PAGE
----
The Cambridge Common

Cambridge Common was established in 1630 as a component of the original town plans. In the seventeenth century, popular farming techniques necessitated a common area of undivided land. At that time, this included woodlots as well as ox, sheep, and cow pastures. The Cambridge Common, which stretched from the Burying Ground in Harvard Square to Linnaean Street, was actively used as a communal cow pasture and comprised approximately 85 acres. Throughout the early 1770s, it was also the site of local militia training and drills. It was at the Common that the enraged crowd of 4,000 gathered in 1774 response to the Powder Alarm.

On the fateful night of April 18, 1775, it was William Dawes, Paul Revere’s less famous patriot contemporary, who rode through the Common en route to Concord, warning Cantabridgians of the encroaching British soldiers. Having landed on Lechmere Point in East Cambridge, they were marching toward Concord to arrest the patriot leaders, Samuel Adams and John Hancock, and seize the munitions in the Concord Powderhouse. The next day, a column of British reinforcements led by Lord Percy, also passed through the Common en route to Concord.

After the Battle of Lexington and Concord, New England militias gathered on the Common and camped out, waiting for their next orders. By two days, 10,000 patriots had arrived, and in the following months more brigades from other colonies trickled in. Thousands of men offered their support to the Revolutionary Cause. These men were passionate civilians not soldiers Many lacked proper training. The amateurish military ability of the American forces was a problem that necessitated a quick solution. Washington himself confessed, “I daresay the Men [of the Continental Forces] would fight very well (if properly Officered) although they are exceedingly dirty and nasty people.”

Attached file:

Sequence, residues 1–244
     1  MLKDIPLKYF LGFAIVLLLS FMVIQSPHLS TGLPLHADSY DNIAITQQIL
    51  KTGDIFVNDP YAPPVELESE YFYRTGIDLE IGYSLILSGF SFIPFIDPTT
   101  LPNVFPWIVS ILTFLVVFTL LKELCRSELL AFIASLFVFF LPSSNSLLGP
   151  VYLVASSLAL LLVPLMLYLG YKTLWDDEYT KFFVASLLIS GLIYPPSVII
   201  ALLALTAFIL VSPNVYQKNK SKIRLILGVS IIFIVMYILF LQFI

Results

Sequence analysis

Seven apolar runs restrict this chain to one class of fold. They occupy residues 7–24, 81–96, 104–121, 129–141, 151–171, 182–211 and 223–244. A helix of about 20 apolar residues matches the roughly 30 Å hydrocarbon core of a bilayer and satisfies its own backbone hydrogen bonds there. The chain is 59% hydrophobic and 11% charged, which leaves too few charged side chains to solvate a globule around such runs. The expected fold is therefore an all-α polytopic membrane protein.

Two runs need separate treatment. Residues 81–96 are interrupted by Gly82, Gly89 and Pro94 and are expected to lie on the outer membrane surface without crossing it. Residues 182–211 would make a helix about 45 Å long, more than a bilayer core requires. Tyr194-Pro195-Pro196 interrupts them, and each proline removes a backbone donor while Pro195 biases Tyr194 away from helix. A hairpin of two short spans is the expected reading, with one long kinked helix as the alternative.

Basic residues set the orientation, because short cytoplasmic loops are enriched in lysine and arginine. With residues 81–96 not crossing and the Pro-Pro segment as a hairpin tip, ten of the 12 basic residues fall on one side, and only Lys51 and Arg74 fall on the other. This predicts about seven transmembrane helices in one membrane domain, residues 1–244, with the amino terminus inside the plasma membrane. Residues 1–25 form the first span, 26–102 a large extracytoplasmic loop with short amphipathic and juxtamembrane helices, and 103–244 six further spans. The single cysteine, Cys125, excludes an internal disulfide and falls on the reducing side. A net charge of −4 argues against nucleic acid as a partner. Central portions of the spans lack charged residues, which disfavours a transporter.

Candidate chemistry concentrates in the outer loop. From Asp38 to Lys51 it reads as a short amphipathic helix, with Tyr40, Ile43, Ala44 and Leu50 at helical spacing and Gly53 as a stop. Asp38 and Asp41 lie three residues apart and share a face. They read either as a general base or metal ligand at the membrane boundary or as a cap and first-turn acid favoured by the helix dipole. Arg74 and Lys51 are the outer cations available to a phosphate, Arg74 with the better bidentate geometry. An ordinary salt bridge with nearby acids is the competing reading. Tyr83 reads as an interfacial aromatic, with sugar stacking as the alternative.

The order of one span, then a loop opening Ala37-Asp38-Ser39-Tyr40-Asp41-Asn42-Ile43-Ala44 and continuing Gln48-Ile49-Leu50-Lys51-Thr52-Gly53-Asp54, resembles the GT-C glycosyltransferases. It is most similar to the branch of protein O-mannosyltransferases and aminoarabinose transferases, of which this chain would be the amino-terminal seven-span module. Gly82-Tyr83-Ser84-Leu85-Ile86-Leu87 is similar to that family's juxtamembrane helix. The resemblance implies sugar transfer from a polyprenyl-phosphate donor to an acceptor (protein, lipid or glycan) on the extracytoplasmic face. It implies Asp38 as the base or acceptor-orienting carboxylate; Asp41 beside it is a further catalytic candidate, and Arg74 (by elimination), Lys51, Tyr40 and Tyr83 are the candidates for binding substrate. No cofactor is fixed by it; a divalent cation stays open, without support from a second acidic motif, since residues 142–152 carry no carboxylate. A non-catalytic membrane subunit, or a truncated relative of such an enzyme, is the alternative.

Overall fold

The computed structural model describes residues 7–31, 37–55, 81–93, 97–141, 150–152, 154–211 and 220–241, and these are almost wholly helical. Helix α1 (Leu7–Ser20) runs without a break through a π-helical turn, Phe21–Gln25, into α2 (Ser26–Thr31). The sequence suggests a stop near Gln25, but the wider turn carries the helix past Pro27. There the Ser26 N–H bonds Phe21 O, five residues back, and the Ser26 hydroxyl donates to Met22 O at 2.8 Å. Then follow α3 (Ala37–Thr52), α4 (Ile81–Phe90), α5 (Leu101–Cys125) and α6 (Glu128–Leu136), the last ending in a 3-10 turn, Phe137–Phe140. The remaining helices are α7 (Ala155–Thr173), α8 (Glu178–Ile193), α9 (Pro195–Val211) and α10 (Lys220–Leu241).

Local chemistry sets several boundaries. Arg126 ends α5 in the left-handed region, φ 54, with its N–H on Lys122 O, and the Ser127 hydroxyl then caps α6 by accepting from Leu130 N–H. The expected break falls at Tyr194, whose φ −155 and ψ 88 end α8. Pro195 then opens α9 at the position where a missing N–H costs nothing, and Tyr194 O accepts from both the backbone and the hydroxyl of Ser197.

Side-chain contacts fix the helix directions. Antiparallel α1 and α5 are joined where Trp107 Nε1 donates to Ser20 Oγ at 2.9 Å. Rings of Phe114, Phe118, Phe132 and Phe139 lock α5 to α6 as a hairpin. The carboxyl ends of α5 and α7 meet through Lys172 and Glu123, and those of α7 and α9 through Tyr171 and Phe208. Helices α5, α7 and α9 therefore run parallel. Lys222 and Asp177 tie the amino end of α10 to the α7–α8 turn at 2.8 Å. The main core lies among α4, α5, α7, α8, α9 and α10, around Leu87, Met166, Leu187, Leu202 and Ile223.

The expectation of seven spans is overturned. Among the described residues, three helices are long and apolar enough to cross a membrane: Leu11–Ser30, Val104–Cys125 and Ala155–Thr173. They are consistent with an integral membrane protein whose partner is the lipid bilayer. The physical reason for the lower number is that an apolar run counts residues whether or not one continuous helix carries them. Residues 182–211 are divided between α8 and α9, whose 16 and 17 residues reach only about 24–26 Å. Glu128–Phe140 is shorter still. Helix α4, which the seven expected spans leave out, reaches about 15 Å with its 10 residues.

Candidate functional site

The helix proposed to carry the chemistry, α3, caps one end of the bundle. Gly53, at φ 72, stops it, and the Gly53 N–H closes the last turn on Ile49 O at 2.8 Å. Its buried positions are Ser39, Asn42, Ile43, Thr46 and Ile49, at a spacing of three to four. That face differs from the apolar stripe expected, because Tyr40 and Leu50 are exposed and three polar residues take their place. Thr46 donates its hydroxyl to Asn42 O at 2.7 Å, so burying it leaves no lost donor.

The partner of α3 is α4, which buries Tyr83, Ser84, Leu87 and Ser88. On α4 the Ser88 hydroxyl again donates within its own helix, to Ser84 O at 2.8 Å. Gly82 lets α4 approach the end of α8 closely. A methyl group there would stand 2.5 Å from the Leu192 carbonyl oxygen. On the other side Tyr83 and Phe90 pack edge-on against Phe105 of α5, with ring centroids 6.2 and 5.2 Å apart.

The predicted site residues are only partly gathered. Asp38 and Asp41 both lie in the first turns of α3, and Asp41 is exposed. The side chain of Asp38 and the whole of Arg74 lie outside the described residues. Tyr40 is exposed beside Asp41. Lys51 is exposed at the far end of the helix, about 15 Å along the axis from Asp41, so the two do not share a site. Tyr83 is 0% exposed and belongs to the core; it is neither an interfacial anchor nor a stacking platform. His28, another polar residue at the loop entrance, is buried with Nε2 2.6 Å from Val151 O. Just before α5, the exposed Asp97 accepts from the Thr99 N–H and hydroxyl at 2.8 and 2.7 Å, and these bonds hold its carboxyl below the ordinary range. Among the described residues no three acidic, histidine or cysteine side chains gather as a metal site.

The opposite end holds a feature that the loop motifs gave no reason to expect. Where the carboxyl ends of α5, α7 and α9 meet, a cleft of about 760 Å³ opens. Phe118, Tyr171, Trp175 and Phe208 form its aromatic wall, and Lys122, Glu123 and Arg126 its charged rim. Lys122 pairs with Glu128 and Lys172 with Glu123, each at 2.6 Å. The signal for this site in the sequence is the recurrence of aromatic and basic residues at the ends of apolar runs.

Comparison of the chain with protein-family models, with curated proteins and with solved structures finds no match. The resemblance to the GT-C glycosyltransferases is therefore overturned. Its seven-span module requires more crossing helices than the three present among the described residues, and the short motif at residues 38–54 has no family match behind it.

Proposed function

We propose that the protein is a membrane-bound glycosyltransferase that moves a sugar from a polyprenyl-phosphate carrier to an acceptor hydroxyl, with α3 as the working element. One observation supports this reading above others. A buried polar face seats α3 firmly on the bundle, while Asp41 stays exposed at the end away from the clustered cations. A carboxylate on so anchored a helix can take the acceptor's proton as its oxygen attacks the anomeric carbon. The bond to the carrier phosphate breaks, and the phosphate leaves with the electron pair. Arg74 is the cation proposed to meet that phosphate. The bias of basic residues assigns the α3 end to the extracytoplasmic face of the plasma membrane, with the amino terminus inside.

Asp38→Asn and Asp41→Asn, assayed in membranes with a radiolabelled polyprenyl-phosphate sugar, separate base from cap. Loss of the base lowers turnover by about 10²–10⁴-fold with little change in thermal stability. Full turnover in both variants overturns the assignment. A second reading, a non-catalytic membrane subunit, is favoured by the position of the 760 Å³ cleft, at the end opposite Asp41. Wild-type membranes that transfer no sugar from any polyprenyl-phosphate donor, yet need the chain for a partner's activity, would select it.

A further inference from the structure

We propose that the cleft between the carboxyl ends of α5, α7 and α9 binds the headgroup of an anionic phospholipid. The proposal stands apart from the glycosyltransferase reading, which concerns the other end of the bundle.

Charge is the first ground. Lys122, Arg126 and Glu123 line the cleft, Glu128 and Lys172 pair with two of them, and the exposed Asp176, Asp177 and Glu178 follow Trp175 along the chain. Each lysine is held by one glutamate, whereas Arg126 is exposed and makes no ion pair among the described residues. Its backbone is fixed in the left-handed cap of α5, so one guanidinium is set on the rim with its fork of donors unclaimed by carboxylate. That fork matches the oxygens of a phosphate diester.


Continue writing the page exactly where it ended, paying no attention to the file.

On July 3, 1775, American legend has it that Washington took command of the Continental Army under an elm tree on the Common. The tree was blown down in a 1923 storm, but a scion of the famous tree still stands at an alternative site in the Common today, and a plaque commemorating the original location of the tree can be found in the intersection of Mason and Garden streets.

Following the Battle of Lexington and Concord, as the numbers of soldiers grew, a slew of makeshift barracks, huts, and tents popped up across Cambridge Common. The conditions were deplorable and the stench of too many men in one place hung heavily in the air. People who had never left their own villages were now brought together into this mix. Predictably, as these men lived side by side in close, provisional quarters, regional conflicts soon arose.

In a letter to his brother, Washington revealed his misgivings, “I believe I may, with great truth affirm, that no Man perhaps since the first Institution of Armys ever commanded one under more difficult Circumstances than I have done – to enumerate the particulars would fill volume – man of my difficulties and distresses were of so peculiar a cast that in order to conceal them from the Enemy, I was obliged to conceal them from my friends, indeed from my own Army.”

On March 17, 1776, when the British evacuated Boston and the Siege was officially over, Washington and the Continental Army made preparations for evacuating Cambridge, as well.

Cambridge Common Today

Entrance To Cambridge Common British Cannon at Cambridge Common British Cannon at Cambridge Common British Cannons at Cambridge Common


Interactive Map Back to Interactive Map